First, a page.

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How to Get Someone to Donate to Your Kickstarter Campaign

Reading Rainbow

No, it wasn’t 80s nostalgia. It wasn’t La Forge’s famous visor. It wasn’t even the star power of LeVar Burton himself.

The “Reading Rainbow” page on Kickstarter raised a stunning $1 million in the first 11 hours because of a subtle feature that should impact your own crowdfunding or donation campaign.

The Opening 100 Words.

The introduction to a donation page is a gateway into a person’s heart, mind and pocketbook. Burton and the “Reading Rainbow” team realize if they can’t hook you right away, you won’t read further, engage with the mission and ultimately donate… EVEN on a project as warm and sentimental as “Reading Rainbow.”

The world moves at lightning speed today, and attention spans come at a premium. (See: How to Improve Everything You Write in Three Minutes or Less.)

Unless you first explain yourself in a concise, focused way, few people will give to your campaign.

OK, let’s dive in. Below are the first 100 words on the Kickstarter page for “Reading Rainbow” (technically 138 for those keeping score).

Hi. LeVar Burton here. You may know me as Kunta Kinte, from ROOTS, or Geordi La Forge, from Star Trek: The Next Generation.

You also may have grown up with me on Reading Rainbow.

It was my mother who taught me that, by picking up a book, I could “go anywhere” and “be anything.” Ever since Reading Rainbow began in 1983, I have dedicated myself to fostering a love of reading in children, just as my mother did for me.

Over the past year, I have watched Kickstarter bring communities together to support artists and inventors. Again and again, I have been inspired by watching like-minded people team up to accomplish impossible dreams, and to change the world.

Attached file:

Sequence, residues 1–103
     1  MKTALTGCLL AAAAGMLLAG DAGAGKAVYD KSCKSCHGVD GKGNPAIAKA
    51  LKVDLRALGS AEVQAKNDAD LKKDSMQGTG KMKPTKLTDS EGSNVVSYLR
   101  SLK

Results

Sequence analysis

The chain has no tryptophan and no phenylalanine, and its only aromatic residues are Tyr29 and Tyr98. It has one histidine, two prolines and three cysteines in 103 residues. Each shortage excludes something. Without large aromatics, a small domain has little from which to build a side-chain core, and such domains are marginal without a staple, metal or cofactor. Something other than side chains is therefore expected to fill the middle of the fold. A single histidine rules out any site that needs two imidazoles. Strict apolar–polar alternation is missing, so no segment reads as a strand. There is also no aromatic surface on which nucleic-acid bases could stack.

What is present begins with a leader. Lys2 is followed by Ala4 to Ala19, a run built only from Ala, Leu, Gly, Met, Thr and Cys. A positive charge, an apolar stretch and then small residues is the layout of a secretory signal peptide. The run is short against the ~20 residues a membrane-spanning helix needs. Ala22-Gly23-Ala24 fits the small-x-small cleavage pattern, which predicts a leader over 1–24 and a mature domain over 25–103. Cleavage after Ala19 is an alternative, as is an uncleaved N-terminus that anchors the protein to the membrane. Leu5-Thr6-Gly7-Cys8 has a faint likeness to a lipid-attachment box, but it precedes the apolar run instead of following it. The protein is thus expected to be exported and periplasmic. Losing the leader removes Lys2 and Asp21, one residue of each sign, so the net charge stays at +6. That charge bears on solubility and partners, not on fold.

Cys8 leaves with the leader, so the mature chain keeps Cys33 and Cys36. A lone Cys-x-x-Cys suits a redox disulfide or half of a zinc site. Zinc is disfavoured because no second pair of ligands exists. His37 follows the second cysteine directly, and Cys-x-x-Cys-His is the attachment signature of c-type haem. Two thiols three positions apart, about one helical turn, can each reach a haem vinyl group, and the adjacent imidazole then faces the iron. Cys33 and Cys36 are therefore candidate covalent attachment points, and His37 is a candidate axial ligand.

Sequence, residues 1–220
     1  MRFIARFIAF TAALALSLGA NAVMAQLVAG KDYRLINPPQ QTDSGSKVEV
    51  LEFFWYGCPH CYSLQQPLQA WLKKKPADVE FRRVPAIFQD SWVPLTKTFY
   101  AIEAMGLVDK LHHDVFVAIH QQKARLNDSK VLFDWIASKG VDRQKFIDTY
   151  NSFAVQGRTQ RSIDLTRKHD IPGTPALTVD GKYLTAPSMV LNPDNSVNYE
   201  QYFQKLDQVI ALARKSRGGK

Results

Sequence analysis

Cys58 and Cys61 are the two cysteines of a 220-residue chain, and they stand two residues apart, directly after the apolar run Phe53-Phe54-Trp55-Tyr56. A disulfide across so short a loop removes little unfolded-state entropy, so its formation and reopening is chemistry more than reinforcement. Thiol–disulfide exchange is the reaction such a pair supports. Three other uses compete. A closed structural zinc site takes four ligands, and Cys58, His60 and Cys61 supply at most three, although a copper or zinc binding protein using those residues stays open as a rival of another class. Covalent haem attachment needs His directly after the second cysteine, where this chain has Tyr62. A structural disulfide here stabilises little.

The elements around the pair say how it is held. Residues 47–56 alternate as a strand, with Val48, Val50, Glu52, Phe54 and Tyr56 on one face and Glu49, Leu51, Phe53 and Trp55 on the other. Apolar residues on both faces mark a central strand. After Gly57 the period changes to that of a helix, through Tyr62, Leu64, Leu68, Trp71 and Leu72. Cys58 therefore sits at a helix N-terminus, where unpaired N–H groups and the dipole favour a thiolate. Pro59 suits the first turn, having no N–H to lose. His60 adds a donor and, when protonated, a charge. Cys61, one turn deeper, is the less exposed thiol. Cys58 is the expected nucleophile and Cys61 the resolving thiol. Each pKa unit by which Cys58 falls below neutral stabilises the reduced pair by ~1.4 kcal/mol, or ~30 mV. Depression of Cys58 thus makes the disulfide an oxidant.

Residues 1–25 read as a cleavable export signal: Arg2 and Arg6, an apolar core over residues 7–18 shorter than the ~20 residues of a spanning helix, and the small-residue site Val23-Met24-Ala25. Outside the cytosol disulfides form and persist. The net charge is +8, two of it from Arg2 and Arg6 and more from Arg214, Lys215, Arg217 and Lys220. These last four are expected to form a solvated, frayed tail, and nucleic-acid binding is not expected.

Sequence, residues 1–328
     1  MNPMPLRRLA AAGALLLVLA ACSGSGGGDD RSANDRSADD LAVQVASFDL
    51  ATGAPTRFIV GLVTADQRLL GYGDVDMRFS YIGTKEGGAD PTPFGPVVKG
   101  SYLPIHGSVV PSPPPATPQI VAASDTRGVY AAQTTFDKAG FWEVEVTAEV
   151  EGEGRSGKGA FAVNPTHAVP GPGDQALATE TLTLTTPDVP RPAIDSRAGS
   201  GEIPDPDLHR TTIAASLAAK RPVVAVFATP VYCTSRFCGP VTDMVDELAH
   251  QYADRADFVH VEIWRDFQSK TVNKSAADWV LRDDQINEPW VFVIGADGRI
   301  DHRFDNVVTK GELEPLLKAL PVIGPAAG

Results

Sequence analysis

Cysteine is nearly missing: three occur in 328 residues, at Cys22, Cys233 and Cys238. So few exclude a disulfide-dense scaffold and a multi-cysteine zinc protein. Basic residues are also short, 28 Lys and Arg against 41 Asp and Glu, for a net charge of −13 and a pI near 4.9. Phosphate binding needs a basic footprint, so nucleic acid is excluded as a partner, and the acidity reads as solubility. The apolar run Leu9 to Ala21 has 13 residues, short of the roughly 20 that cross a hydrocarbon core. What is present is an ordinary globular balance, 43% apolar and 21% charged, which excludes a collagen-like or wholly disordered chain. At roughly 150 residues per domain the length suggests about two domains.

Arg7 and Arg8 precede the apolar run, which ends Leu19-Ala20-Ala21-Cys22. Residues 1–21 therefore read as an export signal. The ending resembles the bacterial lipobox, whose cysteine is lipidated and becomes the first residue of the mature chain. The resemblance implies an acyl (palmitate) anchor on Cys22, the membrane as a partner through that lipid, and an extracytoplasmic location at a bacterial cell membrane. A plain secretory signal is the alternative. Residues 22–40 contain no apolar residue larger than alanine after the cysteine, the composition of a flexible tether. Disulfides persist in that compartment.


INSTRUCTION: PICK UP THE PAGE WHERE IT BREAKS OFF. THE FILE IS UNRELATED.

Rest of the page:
Now, I am hoping you will join me on my mission: to bring Reading Rainbow back for every child, everywhere.

How “Reading Rainbow” Can Help Your Own Donation Campaign

Let’s examine the 138 words up above. LeVar smartly touches on three points to win your attention:

  • LeVar introduces himself so the reader connects with another person and not a company or concept, which is vague and unfeeling.
  • He explains his deep connection to the mission (“my mother… taught me”) and why it’s so important to him; again, to humanize the project.
  • The final line in bold clearly and unequivocally states the purpose of the campaign.

The “Reading Rainbow” people designed a beautiful infographic with facts and figures on childhood literacy. Yet without the brief, effective lead-in, the reader might drift away and never see the colorful information down below.

Plus, the creative Kickstarter rewards! Like $400 for LeVar to record a personalized voicemail for your incoming calls. Imagine if you never read about that!

Remember the Audience

You have a passion for a certain idea, product, movement or cause and plan to ask for donations. That’s wonderful. I hope everyone finds their purpose and fights hard to make it a reality.

Still, projects with the best intentions may go unnoticed if the writer fails to make an immediate connection with the reader.

Hone your first 100 words (never use this phrase), and use the opening lines to humanize the effort and make the reader feel something. (Oh, and the same goes for every cover letter.)

If you want our money, then first respect our time and attention.

And since I value yours, I’m done writing.

Here’s a little trip down memory lane!

(This content was originally posted at News to Live By.)

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More Stories By Shelly Palmer

Shelly Palmer is the host of NBC Universal’s Live Digital with Shelly Palmer, a weekly half-hour television show about living and working in a digital world. He is Fox 5′s (WNYW-TV New York) Tech Expert and the host of United Stations Radio Network’s, MediaBytes, a daily syndicated radio report that features insightful commentary and a unique insiders take on the biggest stories in technology, media, and entertainment.